Then Konosuke Takeshita comes to the aid of the BCC, and then Kenny Omega comes to the aid of the Elite. And finally, at the moment Kenny hits Konosuke with a climactic V-Trigger, Will Ospreay attacks Kenny out of nowhere and leaves him laying to close out the show.

What does this have to do with Collision? This closing segment is very emblematic of the Dynamite main-event mix right now: Fun, Exciting, Chaotic, Busy, Full. And that's not even mentioning the World Champion, or Bryan Danielson, or the always tantalizing possibility of Kota Ibushi returning to Kenny's side.

And there are several massively charismatic talents NOT in that mix who would make the case that they have been underutilized, OR that they have been pushed aside by talents worried for their spot.

The Bad News Bears

CM Punk

Thunder Rosa



Many fans and observers of the scene would make the claim that these names who are now so closely linked with the nascent Collision show are troublemakers, or difficult to work with. But nobody makes the case that they aren’t incredibly charismatic and talented storytellers in the medium of pro wrestling. And that’s what makes all of this so fascinating. This is THEIR opportunity, in many cases quite possibly their last, to prove themselves right and their detractors wrong, or… to do the opposite.

How many sports films have used this premise: troublemakers and outsiders written off as more trouble than they’re worth come together to prove their value by winning. The Bad News BearsMajor League… CM Punk fave, Slapshot!

It’s not Rocky, but it’s still a fine premise for a story.

It's Seven O'Clock and I Wanna Rock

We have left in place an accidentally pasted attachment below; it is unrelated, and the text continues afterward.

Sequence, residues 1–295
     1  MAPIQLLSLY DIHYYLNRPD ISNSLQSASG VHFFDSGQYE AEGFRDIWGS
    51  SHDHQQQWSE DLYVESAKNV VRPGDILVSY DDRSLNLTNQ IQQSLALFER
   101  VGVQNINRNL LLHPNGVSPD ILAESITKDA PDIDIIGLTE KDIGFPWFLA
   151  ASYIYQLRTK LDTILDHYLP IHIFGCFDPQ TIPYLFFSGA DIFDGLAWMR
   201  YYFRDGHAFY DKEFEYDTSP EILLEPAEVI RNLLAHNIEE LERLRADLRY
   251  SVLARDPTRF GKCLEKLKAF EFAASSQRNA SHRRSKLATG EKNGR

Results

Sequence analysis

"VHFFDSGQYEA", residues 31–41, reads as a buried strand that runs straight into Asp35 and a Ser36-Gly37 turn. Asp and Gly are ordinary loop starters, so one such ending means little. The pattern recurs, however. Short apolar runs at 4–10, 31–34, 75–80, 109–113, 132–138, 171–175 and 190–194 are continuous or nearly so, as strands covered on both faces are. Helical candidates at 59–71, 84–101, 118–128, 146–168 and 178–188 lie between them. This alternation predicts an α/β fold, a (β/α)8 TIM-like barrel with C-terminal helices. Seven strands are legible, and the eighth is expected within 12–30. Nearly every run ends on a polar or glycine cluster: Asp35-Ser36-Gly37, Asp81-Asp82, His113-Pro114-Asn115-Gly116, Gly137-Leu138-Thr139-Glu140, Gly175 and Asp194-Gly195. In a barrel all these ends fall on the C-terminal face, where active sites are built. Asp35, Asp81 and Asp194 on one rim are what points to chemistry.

All that’s very well and good, but a show isn’t going to be able to stand separate-but-equal if it doesn’t have the institutional support from within the organization. If there were any doubts that Collision is a project that owner Tony Khan is genuinely behind, rather than something he is giving enough rope to hang itself, (like half the stuff that makes Rampage, I suspect,) the announcement that they had licensed the rock classic “Saturday Night’s All Right” as the theme should lay those doubts FIRMLY to rest!

Don’t get me wrong, willingness to shell out for a great theme is hardly a guarantee of success: while a great theme will get the crowd going, wrestlers from Jack Perry to Bobby Roode have devolved to become more theme than man. But it’s a hell of a sign that the office, at least, believes in you. And that's an important good start, because Collision will need all the help it can get! They start with a lot of strikes against them already on the board: Saturday isn’t exactly a strong day for TV… AEW’s track record with second shows as mentioned above… their top stars’ reputation for self-immolation…

But all the more reason to watch in fascination as they struggle, Icarus-like, towards greatness or destruction!